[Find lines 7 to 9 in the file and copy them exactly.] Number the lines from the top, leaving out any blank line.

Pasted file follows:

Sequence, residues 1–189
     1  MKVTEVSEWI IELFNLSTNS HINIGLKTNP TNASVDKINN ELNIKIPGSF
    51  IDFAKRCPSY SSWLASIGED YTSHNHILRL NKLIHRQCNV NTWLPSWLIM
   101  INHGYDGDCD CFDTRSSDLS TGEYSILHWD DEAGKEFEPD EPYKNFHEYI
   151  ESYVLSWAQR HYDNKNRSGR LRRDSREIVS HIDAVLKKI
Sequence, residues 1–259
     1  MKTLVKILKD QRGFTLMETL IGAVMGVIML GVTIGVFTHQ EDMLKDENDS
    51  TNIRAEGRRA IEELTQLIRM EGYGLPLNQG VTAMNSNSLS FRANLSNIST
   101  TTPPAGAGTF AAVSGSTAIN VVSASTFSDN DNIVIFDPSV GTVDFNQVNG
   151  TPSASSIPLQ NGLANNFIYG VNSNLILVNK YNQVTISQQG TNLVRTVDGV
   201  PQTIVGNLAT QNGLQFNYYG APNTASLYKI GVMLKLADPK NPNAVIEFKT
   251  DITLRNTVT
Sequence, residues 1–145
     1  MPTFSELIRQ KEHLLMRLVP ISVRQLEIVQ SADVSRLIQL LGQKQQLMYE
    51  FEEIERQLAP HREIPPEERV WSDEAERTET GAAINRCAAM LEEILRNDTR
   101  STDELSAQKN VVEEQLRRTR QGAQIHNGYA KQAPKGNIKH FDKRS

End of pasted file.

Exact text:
     1  MKTLVKILKD QRGFTLMETL IGAVMGVIML GVTIGVFTHQ EDMLKDENDS
    51  TNIRAEGRRA IEELTQLIRM EGYGLPLNQG VTAMNSNSLS FRANLSNIST
   101  TTPPAGAGTF AAVSGSTAIN VVSASTFSDN DNIVIFDPSV GTVDFNQVNG